A “DIGITAL revolution” occurring now could have as much impact on competition in agriculture as industry consolidation has over the past two decades.
And like consolidation, the digital revolution risk will be from reduced competition, with open access to on-farm data the key to combatting attempts at market control by monopolies.
Those are the opinions that Australian Competition and Consumer Commission (ACCC) agriculture commissioner, Mick Keogh presented last week to The University of Western Australia (UWA) Institute of Agriculture annual industry forum.
The forum topic this year was Consolidation in agriculture: impacts to the farm, research and agribusiness.
Mr Keogh said the Productivity Commission had recently considered the issue of rights to digital information and potential impacts on competition.
It had concluded, he said, the issue required urgent attention of government to maximise potential productivity gains from emerging digital technologies and to reduce risk of harm to competition and the economy.
The Productivity Commission had recommended a range of measures including comprehensive data rights for consumers and small businesses - including farms.
If implemented, Mr Keogh said, the recommendations would give farmers and others a right to check or retrieve any data held about them and to have some control over how that data was used.
“In many ways I personally think the debate about data rights and use is more important at present than debates about market consolidation,” Mr Keogh said.
“I say this not to downplay the effect that market consolidation can have on competition and ultimately on national economic growth.
“It is in recognition of the fact that data is rapidly becoming the critical element that can either be used to accelerate industry consolidation and the harmful effects that can have on competition, or to limit the potential anti-competitive effects of market consolidation.
“Even a company with near monopoly market power is much less likely to engage in anti-competitive behaviour if industry participants have open access to transparent market data.”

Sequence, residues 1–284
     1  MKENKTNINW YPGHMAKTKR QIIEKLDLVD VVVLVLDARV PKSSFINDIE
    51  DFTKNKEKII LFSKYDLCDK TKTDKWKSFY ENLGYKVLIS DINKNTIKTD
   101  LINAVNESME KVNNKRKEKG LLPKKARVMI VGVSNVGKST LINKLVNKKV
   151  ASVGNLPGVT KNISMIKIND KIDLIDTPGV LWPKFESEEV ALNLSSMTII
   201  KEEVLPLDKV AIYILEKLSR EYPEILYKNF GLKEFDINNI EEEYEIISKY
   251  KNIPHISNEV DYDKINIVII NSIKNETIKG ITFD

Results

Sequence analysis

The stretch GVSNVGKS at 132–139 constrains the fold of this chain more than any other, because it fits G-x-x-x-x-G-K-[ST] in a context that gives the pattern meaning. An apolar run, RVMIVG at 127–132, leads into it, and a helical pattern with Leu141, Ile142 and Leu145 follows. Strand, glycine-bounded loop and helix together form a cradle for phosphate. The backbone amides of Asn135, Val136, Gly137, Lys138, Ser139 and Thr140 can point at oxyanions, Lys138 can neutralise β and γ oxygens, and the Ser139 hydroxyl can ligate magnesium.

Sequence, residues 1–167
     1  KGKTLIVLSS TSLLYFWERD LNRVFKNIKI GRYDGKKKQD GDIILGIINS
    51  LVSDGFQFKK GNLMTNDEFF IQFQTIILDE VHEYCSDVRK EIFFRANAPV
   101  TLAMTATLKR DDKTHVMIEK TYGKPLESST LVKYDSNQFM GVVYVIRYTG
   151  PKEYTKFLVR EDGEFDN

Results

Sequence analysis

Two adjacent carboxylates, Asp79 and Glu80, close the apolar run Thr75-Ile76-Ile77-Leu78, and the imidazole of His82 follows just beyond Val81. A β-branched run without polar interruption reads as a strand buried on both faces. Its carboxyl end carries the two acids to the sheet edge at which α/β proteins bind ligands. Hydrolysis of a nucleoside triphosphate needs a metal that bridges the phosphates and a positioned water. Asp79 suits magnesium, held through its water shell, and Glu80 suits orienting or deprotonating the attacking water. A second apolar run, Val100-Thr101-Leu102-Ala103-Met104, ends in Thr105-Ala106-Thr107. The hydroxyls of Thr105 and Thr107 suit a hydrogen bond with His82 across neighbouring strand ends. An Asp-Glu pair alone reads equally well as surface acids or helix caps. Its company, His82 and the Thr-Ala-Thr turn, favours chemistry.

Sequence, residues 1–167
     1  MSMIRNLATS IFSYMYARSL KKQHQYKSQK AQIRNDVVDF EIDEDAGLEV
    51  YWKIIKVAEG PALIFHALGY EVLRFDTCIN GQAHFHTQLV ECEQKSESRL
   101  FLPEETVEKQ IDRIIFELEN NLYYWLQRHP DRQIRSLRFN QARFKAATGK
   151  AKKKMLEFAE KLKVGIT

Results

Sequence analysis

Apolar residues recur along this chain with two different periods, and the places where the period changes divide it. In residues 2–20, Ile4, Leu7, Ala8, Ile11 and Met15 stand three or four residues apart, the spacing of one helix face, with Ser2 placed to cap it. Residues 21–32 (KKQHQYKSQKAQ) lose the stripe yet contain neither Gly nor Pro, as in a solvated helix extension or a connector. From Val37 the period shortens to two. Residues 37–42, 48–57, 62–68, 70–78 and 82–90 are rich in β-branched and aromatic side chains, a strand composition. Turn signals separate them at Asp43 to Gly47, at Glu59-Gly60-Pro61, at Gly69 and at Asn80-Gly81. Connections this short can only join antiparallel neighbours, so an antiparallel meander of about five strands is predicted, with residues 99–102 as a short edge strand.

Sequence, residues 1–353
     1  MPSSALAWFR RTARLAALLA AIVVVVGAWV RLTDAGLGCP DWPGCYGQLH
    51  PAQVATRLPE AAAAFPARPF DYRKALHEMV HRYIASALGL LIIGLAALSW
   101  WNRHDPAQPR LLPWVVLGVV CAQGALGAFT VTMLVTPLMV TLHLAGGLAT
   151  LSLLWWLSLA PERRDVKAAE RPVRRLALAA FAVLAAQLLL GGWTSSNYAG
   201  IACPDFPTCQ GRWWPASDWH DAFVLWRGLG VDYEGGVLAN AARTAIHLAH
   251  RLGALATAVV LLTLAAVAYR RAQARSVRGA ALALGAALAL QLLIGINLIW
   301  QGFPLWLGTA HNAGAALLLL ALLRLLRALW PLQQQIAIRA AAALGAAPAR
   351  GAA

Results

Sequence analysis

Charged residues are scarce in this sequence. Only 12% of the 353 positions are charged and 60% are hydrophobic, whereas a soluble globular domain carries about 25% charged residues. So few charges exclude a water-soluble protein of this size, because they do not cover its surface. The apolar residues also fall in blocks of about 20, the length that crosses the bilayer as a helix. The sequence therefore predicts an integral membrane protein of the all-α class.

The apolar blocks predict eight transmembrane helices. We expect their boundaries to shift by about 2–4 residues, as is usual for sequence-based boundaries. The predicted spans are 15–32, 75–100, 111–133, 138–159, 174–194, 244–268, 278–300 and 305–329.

The digital revolution was rapidly emerging as the next major challenge for competition policymakers and regulators, and the agriculture sector was at the forefront, he said.
To put the digital revolution into context, Mr Keogh and other presenters pointed out the 2017 second quarter Financial Times list of largest global corporations by value was topped by four “data-dependant technology companies” - Apple, Google owner Alphabet, Microsoft and Amazon.
Two others, Facebook and Asia’s largest internet company Tencent, were in the top 10.
“Digitally enabled technology is emerging in every facet of our lives and business and rights over access to the resulting data and the purposes it can be used for is becoming a major battleground for businesses and governments,” Mr Keogh said.
“The concerns for policymakers and regulators are whether control over access to data will become the new way to reduce competition, or prevent new competition emerging.
“It is not hard to envisage a situation where a dominant market participant could become almost unassailable as a consequence of the market data that can be collected from customers.”
This was particularly relevant in agriculture, Mr Keogh said, because of adoption of proprietary digital technologies by machinery manufacturers to not only enable machines to operate more efficiently, but to record farm layout, paddock terrain, crop inputs, seeding and harvesting data.
“(Farm machinery) has extensive data collection capabilities, their performance can be monitored in real time via the internet and everything from routine scheduling of maintenance to complete immobilisation can be initiated remotely.
“In effect, many farm machines have become farm data harvesters,” he said.
The problem for farmers and policymakers, was the proprietary nature of technology used by different manufacturers and the value to farmers of on-farm data potentially at risk if they were to switch machinery brands.
“This can have the effect of locking farm business into one machinery brand, essentially creating a monopoly farm by farm,” Mr Keogh said.
“If a company knows that once it gets a set of wheels on the land they have locked the farmer in, then there is less incentive to be competitive in pricing associated equipment.